Optometrists ID Huge Number of Patients With Undiagnosed Diabetes

Pam Harrison

December 05, 2016

Doctors of optometry (OD) in the US picked up almost one-quarter of a million patients in 2014 alone who were found to have diabetes-related manifestations, which eventually led to a diagnosis of diabetes, but who had been unaware they had it and were thus not being treated, according to new research from the American Optometric Association (AOA).

The survey was released to coincide with American Diabetes Month in November.

"Yes, it is an amazing number, but people don't realize that doctors of optometry provide the majority of eye care in the US," AOA president Andrea Thau, OD, told Medscape Medical News in an interview.

"We are in 6500 communities across the country, and as part of our comprehensive eye examination, we take detailed medical histories, we check blood pressure, we ask when patients were last seen by a physician and about their current health conditions as well as what medications they are on, because all of these things have an impact on eye and overall health," she explained.

"And for many patients, we are sometimes the only medical provider…being seen, and the number of people we found with previously undiagnosed diabetes gives you an idea of the magnitude of people who are not going for regular medical care," she stressed.

Seeing Into the Body Without Being Invasive

And Dr Thau pointed out, the eye is the only part of the body where practitioners can visualize blood vessels without cutting into the body.

"What we are looking for are dilations of the vessels and small hemorrhages and leakages as early signs of change in the back of the eye," she explained.

Doctors of optometry can also identify shifts or changes in a patient's refractive error when diabetes is not well controlled, she added.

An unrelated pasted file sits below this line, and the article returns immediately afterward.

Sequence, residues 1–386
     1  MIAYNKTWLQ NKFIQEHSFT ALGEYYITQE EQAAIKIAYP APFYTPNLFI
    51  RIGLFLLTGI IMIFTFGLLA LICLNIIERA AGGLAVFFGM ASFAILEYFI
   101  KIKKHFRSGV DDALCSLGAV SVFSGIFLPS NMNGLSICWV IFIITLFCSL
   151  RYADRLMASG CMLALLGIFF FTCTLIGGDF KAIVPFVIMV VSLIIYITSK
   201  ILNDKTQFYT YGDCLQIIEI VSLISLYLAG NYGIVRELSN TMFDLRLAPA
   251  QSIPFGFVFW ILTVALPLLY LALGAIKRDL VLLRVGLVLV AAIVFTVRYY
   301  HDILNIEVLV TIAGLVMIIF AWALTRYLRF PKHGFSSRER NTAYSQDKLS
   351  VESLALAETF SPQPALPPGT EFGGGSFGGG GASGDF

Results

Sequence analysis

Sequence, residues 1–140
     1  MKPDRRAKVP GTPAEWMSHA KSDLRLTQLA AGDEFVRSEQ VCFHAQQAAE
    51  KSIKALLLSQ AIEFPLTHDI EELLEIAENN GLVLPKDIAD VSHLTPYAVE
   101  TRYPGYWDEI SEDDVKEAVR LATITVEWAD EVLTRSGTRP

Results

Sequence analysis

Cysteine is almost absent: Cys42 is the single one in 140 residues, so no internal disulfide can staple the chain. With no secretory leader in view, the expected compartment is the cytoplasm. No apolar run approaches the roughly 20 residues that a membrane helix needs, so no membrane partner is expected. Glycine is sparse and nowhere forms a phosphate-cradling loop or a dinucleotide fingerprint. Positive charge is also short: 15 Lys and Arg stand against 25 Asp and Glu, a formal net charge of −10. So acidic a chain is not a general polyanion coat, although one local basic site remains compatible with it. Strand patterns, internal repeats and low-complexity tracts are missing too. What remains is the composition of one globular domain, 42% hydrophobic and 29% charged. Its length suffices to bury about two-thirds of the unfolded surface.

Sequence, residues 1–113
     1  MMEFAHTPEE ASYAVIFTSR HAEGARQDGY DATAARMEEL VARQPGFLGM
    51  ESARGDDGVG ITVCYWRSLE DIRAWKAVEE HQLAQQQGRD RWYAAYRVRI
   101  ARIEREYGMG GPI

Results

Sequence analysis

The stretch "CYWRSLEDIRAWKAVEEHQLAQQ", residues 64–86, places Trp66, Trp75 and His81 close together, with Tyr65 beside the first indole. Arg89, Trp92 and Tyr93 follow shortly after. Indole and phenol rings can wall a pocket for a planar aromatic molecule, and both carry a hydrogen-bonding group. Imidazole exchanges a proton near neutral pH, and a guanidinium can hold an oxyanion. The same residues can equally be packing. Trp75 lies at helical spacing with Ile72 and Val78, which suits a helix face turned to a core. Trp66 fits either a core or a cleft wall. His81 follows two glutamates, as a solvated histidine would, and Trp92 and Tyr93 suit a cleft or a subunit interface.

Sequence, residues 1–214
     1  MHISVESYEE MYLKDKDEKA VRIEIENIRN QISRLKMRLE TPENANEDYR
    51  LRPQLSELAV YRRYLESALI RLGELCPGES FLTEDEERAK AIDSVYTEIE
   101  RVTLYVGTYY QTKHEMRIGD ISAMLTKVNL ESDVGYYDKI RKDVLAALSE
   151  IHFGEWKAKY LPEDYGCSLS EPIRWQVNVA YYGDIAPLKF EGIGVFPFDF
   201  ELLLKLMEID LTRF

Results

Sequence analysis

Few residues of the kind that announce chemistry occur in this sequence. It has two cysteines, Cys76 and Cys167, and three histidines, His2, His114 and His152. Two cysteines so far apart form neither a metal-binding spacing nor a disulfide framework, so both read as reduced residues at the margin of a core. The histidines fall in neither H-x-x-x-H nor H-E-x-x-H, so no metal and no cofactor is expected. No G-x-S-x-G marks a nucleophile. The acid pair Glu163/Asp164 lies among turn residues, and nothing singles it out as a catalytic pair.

"Once we find diabetes, we educate patients about the importance of getting a comprehensive physical checkup with their physician," Dr Thau said.

The next step is to send a letter to the primary-care physician or try to contact them and attempt to follow patients up to make sure they are being seen by a physician.

Depending on the patient's age and how well controlled their diabetes is, patients are encouraged to return for a comprehensive eye exam twice a year to ensure their eye health remains as well preserved as possible.

"We often take care of patients from the cradle to the grave, so there is a level of trust that people have with their doctor of optometry, and I think they know we really do care about them and we want them to get better and stay well," she observed.

"So we are really an integral part of the diabetes care team and on follow-up, we can assess whether patients are being compliant with their medications, what their HbA1c levels are, how their eyes look, and whether they need to speak with their primary-care physician and ask for a referral to a nutritionist, for example, so they can be counseled on how to take better care of themselves.

The AOA advocates for regular, dilated eye exams for those with diabetes or at risk for diabetes, because the alternatives, like online vision apps, check only for refractive errors like nearsightedness, farsightedness, or astigmatism and cannot detect diabetes.

"When the eyes are dilated, an eye doctor can examine the retina for signs of diabetic eye disease and prescribe a course of treatment to help preserve an individual's sight," Dr Thau said. "Many eye problems show no symptoms until they are in an advanced stage, but early detection and treatment can truly save a person's vision. No online app can do that."

"You only get one pair of eyeballs, so it's really important for patients to understand the value of getting a comprehensive eye exam with a doctor of optometry on an annual basis because we can monitor and detect changes very early on and protect and preserve a patient's vision and their overall health," Dr Thau stressed.

Annual Eye Exams Reveal Diabetes, Diabetic Retinopathy, and More

The AOA has also just conducted a new American Eye-Q Survey, released last month to coincide with World Diabetes Month. This indicates that only 54% of patients with diabetes regularly visit their doctor of optometry for a comprehensive annual eye exam.

And fewer than half of those surveyed, at 41%, understand that diabetes can be detected through a comprehensive eye exam.

The survey also showed that doctors of optometry diagnosed diabetic retinopathy in 14% of patients with diabetes. Diabetes is the leading cause of blindness in individuals under the age of 74.

In addition to picking up a systemic problem such as diabetes, "we can also see signs of hypertension and other blood vessel diseases," Dr Thau noted.

The eye is an extension of the brain, so doctors of optometry are in an ideal position to detect neurological problems as well — brain tumors, multiple sclerosis, aneurysms, all of which Dr Thau says she has identified during her career as a doctor of optometry.

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